If the world lacks meaning, if the world lacks any real morality, and if the world lacks God, then we must confront this brutal reality alongside the conviction that nearly all of humanity is groaning for something more. Paul felt it in Romans 8, Chesterton felt it in Orthodoxy, and we feel it today in the midst of our ordinary and everyday lives. As mentioned before, stories such as Captain Marvel and Star Wars offer a light in the darkness, bringing hope and life to a world that is defined by doubt and death. Perhaps this is simply a cynical result of evolution, as if nature is playing games with us. Or, like Tolkien, these deep longings for life, redemption, and the opposal of all that is not life are deep wounds that point to an even deeper truth. Jesus says that the truth will set us free when we come to truly know it, and He claims that He came to mend the brokenhearted. Perhaps we should take him up on this offer.

If we chase answers, we are bound to be met with disappointment. The Bible does not exist to answer our theological questions, and the Solomon-like teacher of Ecclesiastes reminds us that too much study will wear one out (Ecclesiastes 12:12). But if we engage with the child within us and muster up the faith to believe in fairy tales again, we just might find what we are looking for. Chesterton expresses the need for Story and imagination in Orthodoxy by writing that “poets do not go mad; but chess-players do. Mathematicians go mad, and cashiers; but creative artists very seldom. I am not […] attacking logic; I only say that this danger does lie in logic, not in imagination” (Chesterton, pg. 6). The poet may not find answers, but he may find peace. The rationalist finds neither. Lewis said that perhaps there will come a day when we’ll be old enough to read fairy tales again, and perhaps there will come a day when we’ll be old enough to live them out, too. Perhaps, by opening up the pages of a story or watching a beloved film, we may have the strength to set aside all our pessimism and skepticism, look to the cross, and agree with the centurion when he says that “surely this man was the son of God” (Mark 15:39). He was, He is, and He always will be. But then again, Steve Rodgers was just a kid from Brooklyn, and Jesus was just a kid from Nazareth. Or so we thought.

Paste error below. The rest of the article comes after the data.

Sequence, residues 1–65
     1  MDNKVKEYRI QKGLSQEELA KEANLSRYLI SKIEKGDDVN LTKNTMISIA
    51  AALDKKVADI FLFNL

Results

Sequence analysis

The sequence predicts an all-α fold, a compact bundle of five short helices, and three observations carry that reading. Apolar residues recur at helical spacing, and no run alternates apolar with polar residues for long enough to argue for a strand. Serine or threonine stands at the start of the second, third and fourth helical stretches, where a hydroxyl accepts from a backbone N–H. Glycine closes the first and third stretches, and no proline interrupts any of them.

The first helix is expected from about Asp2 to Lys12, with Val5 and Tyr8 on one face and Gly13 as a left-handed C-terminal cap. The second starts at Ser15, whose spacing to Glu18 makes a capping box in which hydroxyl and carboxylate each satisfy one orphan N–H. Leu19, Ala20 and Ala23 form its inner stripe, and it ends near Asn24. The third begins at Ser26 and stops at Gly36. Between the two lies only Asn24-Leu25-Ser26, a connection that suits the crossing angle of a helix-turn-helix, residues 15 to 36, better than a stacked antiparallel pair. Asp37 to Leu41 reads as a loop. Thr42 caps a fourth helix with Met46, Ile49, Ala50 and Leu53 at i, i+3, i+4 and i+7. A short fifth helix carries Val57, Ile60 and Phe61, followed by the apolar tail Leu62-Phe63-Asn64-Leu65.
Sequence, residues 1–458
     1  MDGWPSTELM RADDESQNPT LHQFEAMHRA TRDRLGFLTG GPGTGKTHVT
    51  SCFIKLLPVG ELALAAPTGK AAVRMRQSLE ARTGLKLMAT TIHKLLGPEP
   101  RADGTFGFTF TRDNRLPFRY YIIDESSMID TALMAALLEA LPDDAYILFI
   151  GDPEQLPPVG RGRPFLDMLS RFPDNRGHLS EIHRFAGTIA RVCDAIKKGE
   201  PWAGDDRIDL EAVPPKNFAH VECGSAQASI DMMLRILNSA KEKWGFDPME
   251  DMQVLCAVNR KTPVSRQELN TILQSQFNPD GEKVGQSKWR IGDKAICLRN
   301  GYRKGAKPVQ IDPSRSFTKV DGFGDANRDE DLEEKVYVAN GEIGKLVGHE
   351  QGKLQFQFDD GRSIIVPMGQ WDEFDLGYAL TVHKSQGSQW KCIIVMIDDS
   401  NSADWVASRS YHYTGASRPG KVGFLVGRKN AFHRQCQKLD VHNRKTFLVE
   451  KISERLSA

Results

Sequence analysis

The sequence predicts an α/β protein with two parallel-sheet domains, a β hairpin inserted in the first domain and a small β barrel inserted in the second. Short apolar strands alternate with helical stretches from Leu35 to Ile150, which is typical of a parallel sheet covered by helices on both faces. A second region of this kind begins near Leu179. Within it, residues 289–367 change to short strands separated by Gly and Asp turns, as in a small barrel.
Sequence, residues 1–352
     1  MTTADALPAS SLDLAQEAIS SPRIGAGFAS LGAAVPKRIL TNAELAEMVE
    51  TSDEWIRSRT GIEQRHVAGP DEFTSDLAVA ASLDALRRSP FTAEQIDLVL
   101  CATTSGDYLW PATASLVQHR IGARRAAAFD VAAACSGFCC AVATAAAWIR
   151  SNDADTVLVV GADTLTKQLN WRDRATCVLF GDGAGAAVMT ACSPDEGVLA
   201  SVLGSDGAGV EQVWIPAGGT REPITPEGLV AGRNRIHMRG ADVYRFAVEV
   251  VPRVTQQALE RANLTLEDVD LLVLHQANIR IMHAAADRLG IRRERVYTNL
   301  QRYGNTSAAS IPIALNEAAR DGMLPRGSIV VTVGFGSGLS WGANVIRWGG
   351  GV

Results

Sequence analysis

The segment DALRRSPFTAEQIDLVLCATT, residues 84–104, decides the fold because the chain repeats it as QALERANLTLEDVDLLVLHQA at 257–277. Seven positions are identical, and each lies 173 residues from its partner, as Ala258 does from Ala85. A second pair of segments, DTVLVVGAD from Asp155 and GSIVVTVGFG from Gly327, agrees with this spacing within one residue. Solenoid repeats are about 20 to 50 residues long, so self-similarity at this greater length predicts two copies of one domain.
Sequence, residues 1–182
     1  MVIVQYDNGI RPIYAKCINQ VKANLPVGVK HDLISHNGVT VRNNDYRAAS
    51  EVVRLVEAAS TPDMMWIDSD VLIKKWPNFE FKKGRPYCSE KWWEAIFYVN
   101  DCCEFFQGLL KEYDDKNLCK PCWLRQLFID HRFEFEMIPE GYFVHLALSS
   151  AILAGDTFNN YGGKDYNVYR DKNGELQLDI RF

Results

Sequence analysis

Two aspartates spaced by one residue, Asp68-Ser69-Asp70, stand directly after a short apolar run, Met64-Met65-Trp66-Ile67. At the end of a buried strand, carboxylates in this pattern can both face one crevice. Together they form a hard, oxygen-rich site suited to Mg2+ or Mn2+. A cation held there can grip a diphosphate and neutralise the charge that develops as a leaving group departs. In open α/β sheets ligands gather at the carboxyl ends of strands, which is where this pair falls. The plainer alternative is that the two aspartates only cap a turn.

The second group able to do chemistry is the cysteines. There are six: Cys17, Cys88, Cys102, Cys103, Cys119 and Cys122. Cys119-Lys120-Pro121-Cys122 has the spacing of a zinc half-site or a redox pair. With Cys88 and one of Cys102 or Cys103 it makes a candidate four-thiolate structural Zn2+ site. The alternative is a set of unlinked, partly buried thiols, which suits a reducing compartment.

Chesterton, G.K. Orthodoxy. SnowBall Classics Publishing, 2015.

Eldredge, John. Waking the Dead: the Glory of a Heart Fully Alive. Thomas Nelson Publishers, 


Eldredge, John. Epic: The Story God is Telling. Thomas Nelson Publishers, 2004.

Lewis, C.S. Surprised by Joy: The Shape of My Early Life. HarperCollins, 1955.

Metaxas, Eric. “How J.R.R. Tolkien Helped to Lead C.S. Lewis to Faith.” Eric Metaxas

Metaxas Media, 12 Oct. 2015,